It has been a little over a week since the deadly explosion at New Zealand’s Whakaari (White Island). The death toll has now reached 16, with victims ranging in age from 13 to 53. Almost all the bodies have been recovered from the island, but at least 2 victims still remain missing.
The island remains highly unstable. GNS Science, a New Zealand company that monitors the volcano, has kept the island on Alert Level 3 since the blast and very few people have been allowed on the island. Even search crews are only allowed brief periods on the island for fear of new blasts occurring. Flights observing the crater show very active steam vents, small explosions from pools of water and a coating of grey ash across much of the active crater. These restrictions have already begun to impact fishermen and tour operations in the Bay of Plenty and local officials are calling for tours not to be banned from the island.
Sadly, this tragedy is one that could have been avoided. Speaking to Radio New Zealand, GNS volcanologist Brad Scott said that the Alert Level status set by the monitoring organization are advisory, so they lack any real enforcement for tours to White Island. The island is privately-owned, and the tours are operated by a private firm, so whether tours go or not is based on the expertise of those groups. Most of the time, they have guessed right about the potential risk for visiting the island, but this time their luck turned.
Volcanoes in the United States
I’ve been asked many times over the last week about how this might compare to volcanic areas in the United States. However, it is hard to find a direct comparison for two reasons. First, no U.S. volcano is as easily accessible and active as Whakaari (White Island). Sure, there are active volcanoes, but most of those are on remote islands in the Aleutians of Alaska.
Steamboat Geyser at Yellowstone. (Credit: YVO/USGS)
There are a few places where people could get up close to active volcanic features: Yellowstone, the Lassen Peak area, Kīlauea, parts of Long Valley and a few others. In most of those cases, it is hydrothermal features like hot springs, steam vents and mudpots that show off the volcanic origin of the area. Tourists used to be able to visit active lava flows at Kīlauea, but since the end of the 2018 activity, those lava flows have ended.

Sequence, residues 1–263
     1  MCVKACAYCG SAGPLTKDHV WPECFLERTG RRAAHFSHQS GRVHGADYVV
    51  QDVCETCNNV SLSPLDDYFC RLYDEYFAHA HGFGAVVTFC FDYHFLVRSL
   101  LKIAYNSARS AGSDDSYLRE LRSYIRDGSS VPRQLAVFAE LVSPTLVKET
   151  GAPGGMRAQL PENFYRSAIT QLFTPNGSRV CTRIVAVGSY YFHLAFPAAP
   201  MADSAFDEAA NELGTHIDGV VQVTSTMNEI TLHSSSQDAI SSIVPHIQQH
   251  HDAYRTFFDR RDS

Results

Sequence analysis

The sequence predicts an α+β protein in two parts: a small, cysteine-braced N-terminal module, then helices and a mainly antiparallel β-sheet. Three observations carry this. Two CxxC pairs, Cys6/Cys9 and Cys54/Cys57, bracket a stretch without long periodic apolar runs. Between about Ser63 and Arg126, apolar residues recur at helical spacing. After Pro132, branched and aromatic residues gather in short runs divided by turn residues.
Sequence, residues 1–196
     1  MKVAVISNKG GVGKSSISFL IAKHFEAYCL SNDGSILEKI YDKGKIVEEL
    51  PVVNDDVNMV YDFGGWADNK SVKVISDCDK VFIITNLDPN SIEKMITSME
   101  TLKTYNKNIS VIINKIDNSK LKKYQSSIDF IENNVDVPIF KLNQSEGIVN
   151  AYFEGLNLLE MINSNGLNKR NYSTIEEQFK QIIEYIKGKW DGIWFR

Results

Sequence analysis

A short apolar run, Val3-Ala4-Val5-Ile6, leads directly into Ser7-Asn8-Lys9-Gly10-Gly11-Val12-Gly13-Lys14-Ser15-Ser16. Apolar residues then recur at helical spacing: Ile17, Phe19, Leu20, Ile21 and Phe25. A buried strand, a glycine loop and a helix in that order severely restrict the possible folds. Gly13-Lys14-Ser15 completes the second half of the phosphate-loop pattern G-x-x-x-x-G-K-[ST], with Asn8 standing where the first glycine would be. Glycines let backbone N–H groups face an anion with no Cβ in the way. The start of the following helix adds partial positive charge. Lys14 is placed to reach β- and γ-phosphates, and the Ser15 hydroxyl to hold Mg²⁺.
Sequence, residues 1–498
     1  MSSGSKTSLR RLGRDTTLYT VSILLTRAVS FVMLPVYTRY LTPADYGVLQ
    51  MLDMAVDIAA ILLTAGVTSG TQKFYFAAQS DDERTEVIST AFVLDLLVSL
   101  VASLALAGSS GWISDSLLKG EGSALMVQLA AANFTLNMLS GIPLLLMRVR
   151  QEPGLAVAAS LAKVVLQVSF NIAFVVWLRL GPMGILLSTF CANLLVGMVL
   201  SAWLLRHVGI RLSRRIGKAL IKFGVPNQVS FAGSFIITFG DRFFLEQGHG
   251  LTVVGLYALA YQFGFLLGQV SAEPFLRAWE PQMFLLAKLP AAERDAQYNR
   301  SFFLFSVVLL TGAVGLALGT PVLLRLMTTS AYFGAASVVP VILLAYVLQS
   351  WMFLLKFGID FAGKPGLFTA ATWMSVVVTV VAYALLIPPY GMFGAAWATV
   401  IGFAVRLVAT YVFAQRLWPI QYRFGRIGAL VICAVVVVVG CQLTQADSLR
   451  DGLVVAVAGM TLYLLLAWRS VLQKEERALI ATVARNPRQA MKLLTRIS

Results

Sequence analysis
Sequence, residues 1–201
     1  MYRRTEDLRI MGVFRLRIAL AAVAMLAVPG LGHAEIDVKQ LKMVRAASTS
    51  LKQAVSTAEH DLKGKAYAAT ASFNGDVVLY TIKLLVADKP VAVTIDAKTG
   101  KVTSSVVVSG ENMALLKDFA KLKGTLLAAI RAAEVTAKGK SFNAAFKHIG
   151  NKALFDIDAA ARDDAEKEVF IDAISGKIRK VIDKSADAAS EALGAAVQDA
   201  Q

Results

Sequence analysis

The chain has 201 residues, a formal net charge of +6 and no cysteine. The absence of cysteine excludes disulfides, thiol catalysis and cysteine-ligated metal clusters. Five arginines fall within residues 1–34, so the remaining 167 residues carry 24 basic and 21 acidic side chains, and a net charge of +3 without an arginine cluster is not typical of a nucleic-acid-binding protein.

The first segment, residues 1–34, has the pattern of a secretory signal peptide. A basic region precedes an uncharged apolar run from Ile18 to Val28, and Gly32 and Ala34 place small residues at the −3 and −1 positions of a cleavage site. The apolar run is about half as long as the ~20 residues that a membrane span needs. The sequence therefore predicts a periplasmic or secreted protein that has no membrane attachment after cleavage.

Secondly, many of those locations are in National Parks, Monuments or Forests. There aren’t many potentially-active volcanoes in the United States that are privately-owned. A few places come to mind, like some parts of Clear Lake or Salton Buttes in California. There are definitely tourist attractions at many of these volcanoes. I’m thinking of Timberline Lodge on Mt. Hood or all the boardwalks in Yellowstone National Park. So, tourists have the potential to get close to these volcanoes … but government officials have a more direct say in the access to the volcano.
The Potential Risk
Still, none of these really combine the “very active” and “easily accessible” components that Whakaari features. Even Yellowstone, with all its hydrothermal features, doesn’t have the same potential for explosions. Destructive events have happened at Yellowstone in the past, most recently in 1989, so the hazard does exist for steam explosions from geysers or hot springs. However, Whakaari is far and away more active than even Wyoming’s restless caldera.
The steam plume from Whakaari (White Island) in New Zealand seen on December 14, 2019. (Credit: GNS Science)
So, it would take a lot for an unexpected explosion from a U.S. volcano to have the same impact as the explosion at Whakaari. This is not to say there isn’t risk, even from a quiet volcano. Volcanic mudflows (lahars) can happen on many volcanoes without an eruption – we’ve seen this repeatedly at Washington’s Rainier. Volcanoes tend to be weakly constructed as well, so avalanches and collapses (large and small) can happen without notice. Volcanoes can be hazardous before, during and between eruptions, so understanding that risk is vital if you plan to visit these amazing natural features.
That’s why people continue to visit volcanoes. They are some of the most primordial landscapes on Earth, where molten rock or ash come blasting out of the ground, likely in almost the same way that it happened 4 billion years ago. You shouldn’t be afraid of visiting these places, either. Although tragedies like Whakaari happen and will continue to happen, the likelihood of these events is low at most volcanoes.
The key is being informed about the risk by contacting the local authorities, volcano observatories or national parks to find out what the dangers might be. That way you know how much peril you might be placing yourself in. Our Earth should be experienced, but you need to be aware that with exploration comes risk.